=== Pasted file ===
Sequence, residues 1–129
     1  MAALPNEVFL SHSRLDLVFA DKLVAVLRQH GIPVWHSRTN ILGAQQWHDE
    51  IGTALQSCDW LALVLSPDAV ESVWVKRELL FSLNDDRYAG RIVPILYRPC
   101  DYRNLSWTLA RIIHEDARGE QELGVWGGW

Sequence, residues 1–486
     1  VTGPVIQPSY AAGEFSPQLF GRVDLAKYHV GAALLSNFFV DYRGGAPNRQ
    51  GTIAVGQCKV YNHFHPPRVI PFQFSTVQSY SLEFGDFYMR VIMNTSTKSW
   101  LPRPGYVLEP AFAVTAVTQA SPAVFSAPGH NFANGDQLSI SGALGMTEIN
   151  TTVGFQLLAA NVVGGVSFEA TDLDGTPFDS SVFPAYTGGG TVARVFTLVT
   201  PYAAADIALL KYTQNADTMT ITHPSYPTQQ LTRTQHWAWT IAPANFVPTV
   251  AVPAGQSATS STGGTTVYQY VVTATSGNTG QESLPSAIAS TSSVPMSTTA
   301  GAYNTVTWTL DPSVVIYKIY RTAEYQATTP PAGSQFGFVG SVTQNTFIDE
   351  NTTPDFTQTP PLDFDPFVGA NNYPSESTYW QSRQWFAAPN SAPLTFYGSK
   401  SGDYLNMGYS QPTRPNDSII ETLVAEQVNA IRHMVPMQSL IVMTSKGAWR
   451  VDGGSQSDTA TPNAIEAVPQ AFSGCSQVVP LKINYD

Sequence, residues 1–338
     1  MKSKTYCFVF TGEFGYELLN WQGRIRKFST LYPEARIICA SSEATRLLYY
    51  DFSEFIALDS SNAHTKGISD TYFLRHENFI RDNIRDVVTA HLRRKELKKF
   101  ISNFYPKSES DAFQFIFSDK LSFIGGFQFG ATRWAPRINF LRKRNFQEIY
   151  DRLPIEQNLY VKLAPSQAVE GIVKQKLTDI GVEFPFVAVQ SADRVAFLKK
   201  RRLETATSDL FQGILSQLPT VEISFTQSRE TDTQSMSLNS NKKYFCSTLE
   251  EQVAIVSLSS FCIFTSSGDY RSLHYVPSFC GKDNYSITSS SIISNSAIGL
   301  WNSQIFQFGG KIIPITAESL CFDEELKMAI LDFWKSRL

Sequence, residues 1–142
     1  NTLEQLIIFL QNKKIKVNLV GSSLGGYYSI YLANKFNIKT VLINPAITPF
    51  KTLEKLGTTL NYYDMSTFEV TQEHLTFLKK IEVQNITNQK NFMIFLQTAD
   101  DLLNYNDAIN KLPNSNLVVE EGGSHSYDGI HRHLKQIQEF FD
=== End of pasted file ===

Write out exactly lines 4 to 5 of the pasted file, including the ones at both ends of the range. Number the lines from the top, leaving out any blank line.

   101  DYRNLSWTLA RIIHEDARGE QELGVWGGW

Sequence, residues 1–486